Sometimes when I write these blog posts I have facts and science to back me up. Not today. This blog post is pure opinion! Though, maybe somewhere there are facts and research to back me up, I have not done that research myself.

What prompted this topic for me was thinking about last week’s post and designing your days to create the life you want, as the days compound to create the whole. And then I started thinking about the idea of changing our minds once we start to explore something or once we commit to something.

I have been all over the map with committing to things. Pre- covid I said yes to everything- in fact I was nervous to say no, to not be included, to miss out. I suffered greatly from FOMO- the fear of missing out. That was even before the internet started showing me all the things that were happening that no one invited me to. Personal growth work 101!

Post-covid world shut down I start saying no to everything. How freeing! And in most cases there wasn’t anything to say no to! Lots of space and time to think became my new norm. It has been an interesting road back to finding some balance between these two places.

One thing I learned is that I LOVE having space in my schedule, in my life. My new normal, though I will be saying yes to more, will be weighed by considering how much space I have on any given day and I think thoroughly, pausing to ask myself if what I am going to say yes to is truly something I want to do. Is it something that will be good for me, or will I feel happy that I went or did the thing in question? Will saying yes overload my day beyond what works best for me? What do I give up when I say yes or no to something?

That last question has been very helpful to me!

So that is all good- and then there is the situation(s) where I said yes to something and I changed my mind. This was something I had to work on in my pre-covid days with others who backed out on me. I was very hard on people who changed their minds and backed out for whatever reason- unless they or someone was sick, of course. At that time remember, I said yes to everything, showed up for everything. Why aren’t they doing that, too? I was so busy I wasn’t in touch with myself to know or think about what would really serve me best, I just didn’t want to miss out.

I understand now that my unwillingness to let myself off the hook translated to how I felt about others taking care of themselves. I didn’t see it as that at the time as I was not taking care of myself. Don’t slow down, then you don’t have to think about how things are working or not.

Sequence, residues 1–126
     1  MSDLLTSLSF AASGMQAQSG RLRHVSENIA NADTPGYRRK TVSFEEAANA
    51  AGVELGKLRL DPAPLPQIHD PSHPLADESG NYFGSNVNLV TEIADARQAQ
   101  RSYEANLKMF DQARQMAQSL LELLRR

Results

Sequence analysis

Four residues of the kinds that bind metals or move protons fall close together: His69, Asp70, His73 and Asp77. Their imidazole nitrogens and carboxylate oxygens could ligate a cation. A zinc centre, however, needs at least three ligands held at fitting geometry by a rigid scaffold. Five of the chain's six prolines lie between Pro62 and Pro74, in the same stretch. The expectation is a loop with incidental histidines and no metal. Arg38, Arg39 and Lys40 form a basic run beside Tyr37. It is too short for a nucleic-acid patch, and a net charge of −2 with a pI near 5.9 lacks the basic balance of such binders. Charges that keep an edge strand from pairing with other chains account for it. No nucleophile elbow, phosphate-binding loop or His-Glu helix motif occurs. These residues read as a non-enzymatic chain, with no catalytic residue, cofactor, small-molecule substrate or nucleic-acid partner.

Now after much personal growth work (never finished) I see how much the space benefits me and how little missing out is even real. I have the wherewithal to decide what is best for me, where I want to show up and even to back out on a commitment sometimes when it is the right thing for me to do.

I am not talking about extremes here- yes, you should always do your workout unless you are depleted in some way and to do so would have a negative impact for you. But learning to listen to the real voice inside- not the voice of procrastination or fear, but the once that speaks when it has the space to be heard. It says “maybe it would be better, more enjoyable, etc- you choose your word- for me to stay at home, make another choice, do something else…”

Do you owe people an explanation? You get decide depending upon the person, people, circumstance. Leaving someone in a lurch is not what I am talking about. If you promised to do something- don’t back out at the last minute unless you find someone else to fill your duty.

Once- in my adult life- I had a dance recital that I was dancing in- I was very excited because I took dance as a child growing up and hadn’t danced in a very long time. I asked a trusted and beautiful friend (who I still love) to come to watch me. I was so excited. And then she didn’t show up. I was really upset for a long time because it was important to me.

What I realized after many years of wrestling with things like this is it wasn’t that she didn’t show up that bothered me, it was that there as no acknowledgement of it- I am sorry, but I won’t be making it. Or even after the fact- I am sorry I missed your recital even though I said I would come. Once I realized what it really was that upset me I was able to deal with it.

To this day I still have a problem with people who leave me waiting for an appointment and don’t apologize when they are finally ready for me. See, there is always more personal growth to do!

Backing out is okay, and apologizing is kind.

Don’t back out because of fear or laziness. Do back out when it is the best thing for you to do, whatever that reason is. And don’t just not show up.

The do’s and don’ts on backing out! Who knew?

This holiday season, take care of yourself and enjoy your space, enjoy what you say yes to and say yes to yourself most of all.